Ansty is a tiny picturesque parish secreted amongst the downs and woods of south west Wiltshire. Narrow roads in the village disappear from the main street only to reappear a hundred yards or so further along creating a rabbit warren of lanes. Stone cottages with thatched roofs and an ancient pond with willow trees along its banks form a mesmerising backdrop to this historic village.
In 1211, Ansty was granted to the Order of Knights Hospitaller of St. John of Jerusalem by Sir Walter de Turbeville. The Order settled in the village and founded a preceptory or commandery (manorial estate); they built St. James' Church, the village pond and a hospice with a guest house where they ministered to pilgrims and injured knights returning from Crusades in the Holy Land.
The Parish Church
Dating from 1230, the church of St James is cruciform in the Early English style with chancel and nave, two transepts and a small western belfry with one bell. In July 2011 the church celebrated the 800th anniversary of the granting of the title deeds of Ansty Manor to the Order of Knights Hospitaller.
The History of Modern Wiltshire published in 1829 records that in the year 1775 there were fifteen burials of which twelve died of smallpox and "ill as this (church) Register has been kept, it is much superior to the latter, than which nothing can be more disgraceful to the Curates of this Parish.”
St John the Evangelist (R C)
From 1594 until 1946 the Manor of Ansty was in the possession of the Roman Catholic Lords Arundell of Wardour. It is not surprising therefore to find that throughout the 17th and 18th centuries, the majority of the inhabitants of Ansty were Catholic and it is unlikely that this changed much through to the mid 20th century. In 1905, the 12th Lord Arundell of Wardour provided a Mass Centre - St. John the Evangelist - but by the early 1960's services were being held there just once a month. The Chapel closed in 1962 and is now a private house. Catholic Ancestors 1791 & 1844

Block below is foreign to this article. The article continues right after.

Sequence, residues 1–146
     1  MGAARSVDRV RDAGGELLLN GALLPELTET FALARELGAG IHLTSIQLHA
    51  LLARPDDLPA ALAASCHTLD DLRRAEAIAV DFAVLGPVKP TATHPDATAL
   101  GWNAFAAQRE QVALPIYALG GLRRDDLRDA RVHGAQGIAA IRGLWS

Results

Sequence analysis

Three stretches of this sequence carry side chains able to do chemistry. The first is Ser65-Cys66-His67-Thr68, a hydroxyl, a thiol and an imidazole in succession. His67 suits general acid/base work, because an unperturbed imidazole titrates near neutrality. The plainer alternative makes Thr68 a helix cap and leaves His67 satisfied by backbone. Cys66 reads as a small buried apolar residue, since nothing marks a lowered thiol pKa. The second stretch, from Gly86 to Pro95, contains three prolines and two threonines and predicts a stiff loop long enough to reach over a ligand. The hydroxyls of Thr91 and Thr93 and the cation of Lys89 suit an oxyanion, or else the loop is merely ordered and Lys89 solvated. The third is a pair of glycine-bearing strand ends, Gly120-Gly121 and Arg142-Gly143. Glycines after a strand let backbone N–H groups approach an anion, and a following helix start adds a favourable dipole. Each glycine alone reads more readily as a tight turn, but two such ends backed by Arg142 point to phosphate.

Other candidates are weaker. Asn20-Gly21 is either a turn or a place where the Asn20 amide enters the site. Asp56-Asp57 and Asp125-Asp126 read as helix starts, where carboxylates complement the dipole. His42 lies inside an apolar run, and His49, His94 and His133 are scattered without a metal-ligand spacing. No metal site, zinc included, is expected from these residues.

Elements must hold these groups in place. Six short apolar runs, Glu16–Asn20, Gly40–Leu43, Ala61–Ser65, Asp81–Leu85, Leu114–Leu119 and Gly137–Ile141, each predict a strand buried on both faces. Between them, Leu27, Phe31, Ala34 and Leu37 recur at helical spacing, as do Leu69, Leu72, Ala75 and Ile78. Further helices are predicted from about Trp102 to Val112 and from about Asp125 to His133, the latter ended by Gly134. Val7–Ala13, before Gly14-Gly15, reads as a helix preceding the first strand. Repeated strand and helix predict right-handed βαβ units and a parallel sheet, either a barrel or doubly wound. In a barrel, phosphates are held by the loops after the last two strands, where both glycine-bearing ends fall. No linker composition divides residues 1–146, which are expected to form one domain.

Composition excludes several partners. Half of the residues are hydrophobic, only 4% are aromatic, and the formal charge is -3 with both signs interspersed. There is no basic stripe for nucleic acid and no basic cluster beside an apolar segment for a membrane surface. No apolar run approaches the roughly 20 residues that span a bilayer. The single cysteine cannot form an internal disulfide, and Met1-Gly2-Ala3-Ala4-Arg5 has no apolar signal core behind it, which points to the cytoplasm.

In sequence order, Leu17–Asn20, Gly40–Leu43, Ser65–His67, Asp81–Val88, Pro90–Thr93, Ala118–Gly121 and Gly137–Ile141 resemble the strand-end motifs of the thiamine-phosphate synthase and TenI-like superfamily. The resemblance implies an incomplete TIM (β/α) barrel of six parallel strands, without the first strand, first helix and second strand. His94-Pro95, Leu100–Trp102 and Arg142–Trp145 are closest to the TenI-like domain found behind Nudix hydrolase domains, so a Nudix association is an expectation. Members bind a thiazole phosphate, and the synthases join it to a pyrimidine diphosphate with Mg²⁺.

A house in the village was certified for Independents in 1816 which was not welcomed by all. The meetings were often disrupted by crowds ringing cow bells and generally causing a disturbance; in 1818 Revd William Easton, a Chaplain of Ansty, along with James Jerrard and seven others, were found guilty of riot at Salisbury Assizes. Conspiracy & Riot 1818
WW1 and WW2
At the time of the First World War, the population of Ansty was about 200 and events far away probably had little effect on the practicalities of the day to day lives of the parishioners. Apart from the absence of their menfolk in the village, there would have been no obvious signs to the people of Ansty that the country was at war. But it was not only sons, husbands and fathers who had gone, most of their horses had gone too - from lightweight hunters to heavy cart horses, all required for the war effort leaving the farms bereft of their best working animals.
The men of Ansty who lost their lives are commemorated on a plaque in St James Church. Three were born in the village, others were living and working there, including brothers Bertram and George Baker; one man (T Jenkins) remains unidentified.
Newspapers are a treasure trove of information for family history researchers and social historians. You may find your ancestors mentioned in the court columns either as the perpetrator or the victim of crime - alcohol related offences, poaching and theft were the most common misdemeanours at the Petty Sessions in the 19th century and are reported with endless monotony. Primarily, articles shown are those that contain names of parishioners to assist family history researchers.&nb